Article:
Hong Kong protests: police national security unit to investigate student rally at Chinese University

Chan Ho-him
·5-min read

The police national security unit will investigate a student protest at the Chinese University of Hong Kong on Thursday in which separatist slogans were chanted, prompting the management to call in law enforcement.

Condemning actions by the protesters, police said they would attach high importance to the case. The Education Bureau also weighed in, saying it supported the university’s decision to call police.

More than 100 people heeded online calls to protest at the university’s Sha Tin site against the management’s decision last week to move graduation ceremonies online, which they said deprived students of the opportunity to express their views. The ceremonies had become annual occasions for graduates to demonstrate their political stance.

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The demonstrators on Thursday were heard calling for Hong Kong independence and liberation, using phrases stemming from last year’s anti-government protests which are now considered an offence under the Beijing-decreed national security legislation imposed on the city in June.

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Many also expressed support for the 12 Hong Kong fugitives detained in Shenzhen after being caught in August by mainland China’s coastguard while fleeing to Taiwan in a speedboat.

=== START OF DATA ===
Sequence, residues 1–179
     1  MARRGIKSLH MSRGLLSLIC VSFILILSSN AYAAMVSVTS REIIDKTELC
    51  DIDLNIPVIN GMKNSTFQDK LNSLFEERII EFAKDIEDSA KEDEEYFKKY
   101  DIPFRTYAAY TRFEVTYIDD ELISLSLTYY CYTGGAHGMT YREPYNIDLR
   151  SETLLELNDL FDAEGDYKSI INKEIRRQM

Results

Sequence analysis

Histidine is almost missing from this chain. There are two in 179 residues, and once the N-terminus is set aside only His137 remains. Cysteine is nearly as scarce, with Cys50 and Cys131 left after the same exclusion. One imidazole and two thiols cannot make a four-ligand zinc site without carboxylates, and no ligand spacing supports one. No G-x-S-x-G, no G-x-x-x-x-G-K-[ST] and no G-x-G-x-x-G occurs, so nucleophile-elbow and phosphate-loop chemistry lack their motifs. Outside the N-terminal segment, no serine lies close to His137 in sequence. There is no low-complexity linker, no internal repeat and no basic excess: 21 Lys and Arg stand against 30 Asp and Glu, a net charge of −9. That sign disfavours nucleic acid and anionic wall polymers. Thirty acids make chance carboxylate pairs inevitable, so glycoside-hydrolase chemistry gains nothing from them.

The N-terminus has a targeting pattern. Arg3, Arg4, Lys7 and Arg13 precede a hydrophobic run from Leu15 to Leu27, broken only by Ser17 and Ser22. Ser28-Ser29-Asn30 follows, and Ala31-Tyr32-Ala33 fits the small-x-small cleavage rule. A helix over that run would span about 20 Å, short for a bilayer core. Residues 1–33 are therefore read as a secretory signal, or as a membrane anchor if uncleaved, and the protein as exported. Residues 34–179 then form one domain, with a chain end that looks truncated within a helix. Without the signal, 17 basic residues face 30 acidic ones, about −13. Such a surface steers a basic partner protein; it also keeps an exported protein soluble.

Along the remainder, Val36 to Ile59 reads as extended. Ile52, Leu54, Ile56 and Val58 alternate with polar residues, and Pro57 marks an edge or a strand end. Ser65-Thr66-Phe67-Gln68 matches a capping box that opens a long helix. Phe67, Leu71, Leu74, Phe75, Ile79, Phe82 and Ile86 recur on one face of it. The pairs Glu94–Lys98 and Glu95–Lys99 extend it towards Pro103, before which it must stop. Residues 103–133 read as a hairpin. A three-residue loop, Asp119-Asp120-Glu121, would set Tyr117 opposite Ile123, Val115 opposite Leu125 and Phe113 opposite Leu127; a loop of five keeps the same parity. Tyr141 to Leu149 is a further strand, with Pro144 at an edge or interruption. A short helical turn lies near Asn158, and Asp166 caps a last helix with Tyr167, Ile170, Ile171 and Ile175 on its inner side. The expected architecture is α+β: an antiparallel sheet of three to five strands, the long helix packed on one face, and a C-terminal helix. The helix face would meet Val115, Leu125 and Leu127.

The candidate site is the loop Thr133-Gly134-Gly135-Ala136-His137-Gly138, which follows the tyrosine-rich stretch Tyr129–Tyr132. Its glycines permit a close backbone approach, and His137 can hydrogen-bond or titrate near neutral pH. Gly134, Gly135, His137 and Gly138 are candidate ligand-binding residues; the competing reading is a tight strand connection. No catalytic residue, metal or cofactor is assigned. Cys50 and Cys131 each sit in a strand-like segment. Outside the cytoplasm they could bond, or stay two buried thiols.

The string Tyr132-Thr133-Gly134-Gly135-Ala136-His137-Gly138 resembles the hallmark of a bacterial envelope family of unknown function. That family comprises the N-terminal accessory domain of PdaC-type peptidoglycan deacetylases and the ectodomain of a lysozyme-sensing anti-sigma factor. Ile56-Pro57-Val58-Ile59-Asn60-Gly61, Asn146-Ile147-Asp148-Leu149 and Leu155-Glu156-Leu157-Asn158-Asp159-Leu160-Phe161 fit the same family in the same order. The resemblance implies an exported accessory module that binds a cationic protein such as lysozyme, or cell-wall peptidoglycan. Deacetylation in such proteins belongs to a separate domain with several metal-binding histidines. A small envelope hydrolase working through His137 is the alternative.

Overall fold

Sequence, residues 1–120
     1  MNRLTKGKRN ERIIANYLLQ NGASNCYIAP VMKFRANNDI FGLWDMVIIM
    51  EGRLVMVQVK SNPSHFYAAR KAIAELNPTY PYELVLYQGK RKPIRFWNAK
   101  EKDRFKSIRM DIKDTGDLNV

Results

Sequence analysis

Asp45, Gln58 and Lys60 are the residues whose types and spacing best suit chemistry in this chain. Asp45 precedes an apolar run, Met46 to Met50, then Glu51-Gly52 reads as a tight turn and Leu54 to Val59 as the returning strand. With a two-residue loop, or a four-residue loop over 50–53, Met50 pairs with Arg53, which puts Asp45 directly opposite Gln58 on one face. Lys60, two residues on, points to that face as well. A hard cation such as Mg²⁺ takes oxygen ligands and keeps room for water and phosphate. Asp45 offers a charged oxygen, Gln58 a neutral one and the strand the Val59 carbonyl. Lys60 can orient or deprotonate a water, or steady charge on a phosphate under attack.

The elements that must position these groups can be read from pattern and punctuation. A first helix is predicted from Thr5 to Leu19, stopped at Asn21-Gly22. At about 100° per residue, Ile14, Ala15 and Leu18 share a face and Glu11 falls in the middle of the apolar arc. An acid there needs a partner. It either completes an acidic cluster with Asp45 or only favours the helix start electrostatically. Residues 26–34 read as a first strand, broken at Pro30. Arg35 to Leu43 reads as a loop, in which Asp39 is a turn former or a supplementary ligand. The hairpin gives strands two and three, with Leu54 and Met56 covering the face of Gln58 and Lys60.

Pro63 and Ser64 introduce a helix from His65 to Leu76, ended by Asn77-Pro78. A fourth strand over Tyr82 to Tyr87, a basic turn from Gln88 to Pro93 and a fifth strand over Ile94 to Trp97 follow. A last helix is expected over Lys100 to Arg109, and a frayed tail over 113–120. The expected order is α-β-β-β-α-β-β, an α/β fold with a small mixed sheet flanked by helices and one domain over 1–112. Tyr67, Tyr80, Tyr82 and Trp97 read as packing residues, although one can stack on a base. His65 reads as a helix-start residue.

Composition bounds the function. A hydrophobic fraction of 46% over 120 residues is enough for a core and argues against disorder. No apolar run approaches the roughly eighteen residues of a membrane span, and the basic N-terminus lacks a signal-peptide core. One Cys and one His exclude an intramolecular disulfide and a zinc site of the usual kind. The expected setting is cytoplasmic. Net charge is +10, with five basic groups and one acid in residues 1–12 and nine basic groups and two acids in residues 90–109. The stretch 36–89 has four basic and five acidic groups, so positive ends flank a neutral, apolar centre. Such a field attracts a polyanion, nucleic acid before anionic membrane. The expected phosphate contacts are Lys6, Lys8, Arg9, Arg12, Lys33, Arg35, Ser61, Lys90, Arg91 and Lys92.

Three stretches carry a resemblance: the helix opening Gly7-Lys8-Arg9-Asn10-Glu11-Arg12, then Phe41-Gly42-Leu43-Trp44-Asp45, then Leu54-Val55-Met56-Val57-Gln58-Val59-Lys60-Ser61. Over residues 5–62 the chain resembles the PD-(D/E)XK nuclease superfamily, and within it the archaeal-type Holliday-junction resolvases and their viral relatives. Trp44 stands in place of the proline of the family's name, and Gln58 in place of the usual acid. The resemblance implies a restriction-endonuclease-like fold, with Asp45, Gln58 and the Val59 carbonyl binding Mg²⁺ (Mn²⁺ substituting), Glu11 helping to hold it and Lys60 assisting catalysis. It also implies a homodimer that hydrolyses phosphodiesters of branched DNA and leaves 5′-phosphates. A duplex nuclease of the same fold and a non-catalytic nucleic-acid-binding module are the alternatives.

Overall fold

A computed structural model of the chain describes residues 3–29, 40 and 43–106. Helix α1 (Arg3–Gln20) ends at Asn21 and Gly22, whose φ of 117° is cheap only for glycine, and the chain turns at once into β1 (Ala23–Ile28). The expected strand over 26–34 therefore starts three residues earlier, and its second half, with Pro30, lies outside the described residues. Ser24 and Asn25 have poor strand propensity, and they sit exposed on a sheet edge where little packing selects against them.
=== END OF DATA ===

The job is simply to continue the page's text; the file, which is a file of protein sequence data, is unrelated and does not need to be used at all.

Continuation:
Dozens of graduates gathered soon after midday near the campus MTR station for the protest. Most of them were dressed in graduation gowns, while some wore black masks or held up balloons of the same colour, which is associated with last year’s anti-government movement.

Some shouted “Liberate Hong Kong; revolution of our times”, a rallying call of the 2019 protests sparked last June by the now-withdrawn extradition bill.

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The slogan, which was also displayed on banners at Thursday’s demonstration, has been deemed illegal under the national security law, which targets acts of subversion, secession, terrorism and collusion with foreign forces. The maximum sentence for breaking the legislation’s most serious offences is life imprisonment.

In a press release issued two days after the national security law took effect on June 30, the government said that particular slogan had connotations of Hong Kong independence or subverting state power.

Cries of “Hong Kong independence, the only way out” and “Self-strengthening of the nation, independence for Hong Kong” were also reported. The protesters could be heard shouting out the names of the fugitives, all 12 of whom are wanted in Hong Kong in connection with last year’s social unrest.

Dressed in graduation gowns, and some wearing the yellow hard hats popular during last year’s protests, former students attend a demonstration at CUHK. Photo: K. Y. Cheng
Dressed in graduation gowns, and some wearing the yellow hard hats popular during last year’s protests, former students attend a demonstration at CUHK. Photo: K. Y. Cheng